I do share your skepticism in most respects, I was mostly just pointing out that "it goes up to 11" isn't an accurate description of professional cards.

    It's true we only really have a manufacturer's word that professional cards use better components for longevity etc. I haven't yet seen anywhere that has run a proper stress test to see just how hard you can push a FirePro versus its consumer equivalent, and of course with the price of the cards I'm not sure we're likely to see a proper comparison except by petitioning review sites that do do workstation card reviews until they agree to run some long running tests.

    I mean the point of a workstation GPU is that you're supposed to be able to run it all day, every day, for a week and it should perform really well the entire time.

    I've seen several reviews that generate bitcoin mining stats as a measure of comparison, but usually only do it briefly to get a quick measure of peak MHashes/sec, which isn't really a very good method as the whole point of Bitcoin mining is that it's a prolonged task. I'm trying to find some Bitcoin miners with professional GPUs, and then others with the corresponding consumer cards to run pure GPU mining for 12 hours or more, as I think the numbers could be a lot more indicative of whether there are any true differences.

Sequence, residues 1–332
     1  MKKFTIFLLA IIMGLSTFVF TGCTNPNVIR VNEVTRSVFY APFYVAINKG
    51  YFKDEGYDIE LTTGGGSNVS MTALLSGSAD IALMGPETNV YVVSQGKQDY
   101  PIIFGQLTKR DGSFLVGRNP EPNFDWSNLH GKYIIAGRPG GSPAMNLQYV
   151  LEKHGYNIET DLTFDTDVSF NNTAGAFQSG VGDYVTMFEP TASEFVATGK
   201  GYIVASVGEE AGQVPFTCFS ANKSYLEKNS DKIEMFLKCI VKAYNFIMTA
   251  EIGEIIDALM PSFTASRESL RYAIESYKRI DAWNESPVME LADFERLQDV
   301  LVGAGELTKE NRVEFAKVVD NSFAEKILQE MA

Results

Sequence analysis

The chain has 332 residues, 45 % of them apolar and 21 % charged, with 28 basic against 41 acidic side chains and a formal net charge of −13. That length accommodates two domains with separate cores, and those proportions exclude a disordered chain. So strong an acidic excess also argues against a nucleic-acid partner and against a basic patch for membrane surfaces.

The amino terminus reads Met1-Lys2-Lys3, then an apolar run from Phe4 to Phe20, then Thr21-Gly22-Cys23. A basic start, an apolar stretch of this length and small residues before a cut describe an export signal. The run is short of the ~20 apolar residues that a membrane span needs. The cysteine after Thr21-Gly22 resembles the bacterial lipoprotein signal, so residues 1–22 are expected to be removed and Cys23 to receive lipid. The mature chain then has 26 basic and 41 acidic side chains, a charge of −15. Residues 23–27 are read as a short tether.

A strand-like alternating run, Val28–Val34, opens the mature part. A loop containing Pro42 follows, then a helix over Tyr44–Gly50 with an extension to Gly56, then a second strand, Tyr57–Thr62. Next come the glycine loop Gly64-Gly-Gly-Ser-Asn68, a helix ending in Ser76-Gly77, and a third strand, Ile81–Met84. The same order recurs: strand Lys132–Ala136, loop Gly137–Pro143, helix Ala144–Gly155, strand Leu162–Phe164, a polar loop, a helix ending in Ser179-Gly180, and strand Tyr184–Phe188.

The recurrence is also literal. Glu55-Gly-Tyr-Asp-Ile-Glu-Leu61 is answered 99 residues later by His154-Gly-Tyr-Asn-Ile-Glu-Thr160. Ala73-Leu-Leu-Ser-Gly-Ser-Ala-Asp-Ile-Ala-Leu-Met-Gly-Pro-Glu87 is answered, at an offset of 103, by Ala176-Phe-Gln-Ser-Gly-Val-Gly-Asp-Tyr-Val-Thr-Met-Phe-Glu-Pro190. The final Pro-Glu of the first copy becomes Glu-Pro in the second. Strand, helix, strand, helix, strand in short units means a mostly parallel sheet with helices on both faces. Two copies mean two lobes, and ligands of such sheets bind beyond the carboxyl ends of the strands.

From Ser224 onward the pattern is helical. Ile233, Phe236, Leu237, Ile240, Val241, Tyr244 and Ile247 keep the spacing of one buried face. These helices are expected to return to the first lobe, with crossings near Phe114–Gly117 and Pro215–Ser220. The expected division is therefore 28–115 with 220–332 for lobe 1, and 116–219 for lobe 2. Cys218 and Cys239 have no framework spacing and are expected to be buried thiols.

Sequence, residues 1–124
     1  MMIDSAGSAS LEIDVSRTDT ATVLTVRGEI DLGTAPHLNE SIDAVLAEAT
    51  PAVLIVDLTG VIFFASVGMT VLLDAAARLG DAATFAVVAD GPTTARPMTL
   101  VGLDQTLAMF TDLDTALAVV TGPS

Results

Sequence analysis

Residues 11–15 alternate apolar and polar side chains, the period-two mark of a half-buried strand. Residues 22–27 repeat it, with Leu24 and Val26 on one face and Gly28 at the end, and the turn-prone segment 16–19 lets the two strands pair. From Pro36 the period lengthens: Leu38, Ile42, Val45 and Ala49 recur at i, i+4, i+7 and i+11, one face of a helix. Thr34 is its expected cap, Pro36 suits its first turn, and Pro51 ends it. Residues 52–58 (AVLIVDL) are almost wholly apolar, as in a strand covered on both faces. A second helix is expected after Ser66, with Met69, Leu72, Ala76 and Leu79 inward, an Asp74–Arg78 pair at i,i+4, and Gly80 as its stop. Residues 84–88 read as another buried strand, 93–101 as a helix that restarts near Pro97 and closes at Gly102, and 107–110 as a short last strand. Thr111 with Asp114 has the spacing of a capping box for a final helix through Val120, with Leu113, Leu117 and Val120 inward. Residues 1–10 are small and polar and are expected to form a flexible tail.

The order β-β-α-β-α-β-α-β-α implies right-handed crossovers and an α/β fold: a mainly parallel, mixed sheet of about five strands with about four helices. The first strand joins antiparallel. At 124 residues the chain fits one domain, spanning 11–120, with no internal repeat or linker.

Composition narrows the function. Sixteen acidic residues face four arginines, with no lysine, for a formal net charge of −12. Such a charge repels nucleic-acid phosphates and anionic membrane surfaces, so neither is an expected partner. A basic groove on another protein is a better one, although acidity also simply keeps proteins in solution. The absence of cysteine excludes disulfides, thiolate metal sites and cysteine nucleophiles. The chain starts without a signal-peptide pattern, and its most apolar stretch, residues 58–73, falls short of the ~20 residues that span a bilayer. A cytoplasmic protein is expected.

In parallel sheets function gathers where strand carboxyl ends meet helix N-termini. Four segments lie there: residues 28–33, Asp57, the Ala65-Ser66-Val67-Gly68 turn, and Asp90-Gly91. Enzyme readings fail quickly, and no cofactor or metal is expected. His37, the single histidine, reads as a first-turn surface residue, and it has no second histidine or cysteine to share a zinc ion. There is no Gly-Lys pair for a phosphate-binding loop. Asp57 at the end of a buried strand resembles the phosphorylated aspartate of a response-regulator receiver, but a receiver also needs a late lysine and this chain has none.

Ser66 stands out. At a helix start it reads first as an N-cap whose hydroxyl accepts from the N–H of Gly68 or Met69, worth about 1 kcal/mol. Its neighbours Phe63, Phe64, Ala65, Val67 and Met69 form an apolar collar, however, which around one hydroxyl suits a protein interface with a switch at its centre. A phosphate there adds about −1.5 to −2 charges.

At least we know Apple isn't using the stock cooler, though that throws up more question marks till we find out how good the cooling actually is. In theory it could be a lot better as most PCI slots in workstation cases don't actually offer the best airflow, especially with multiple cards packed together; the new Mac Pro by comparison has quite a nice area of free space purely for airflow over a nice big heatsink so it could be really good, though depend our total workload (CPU as well).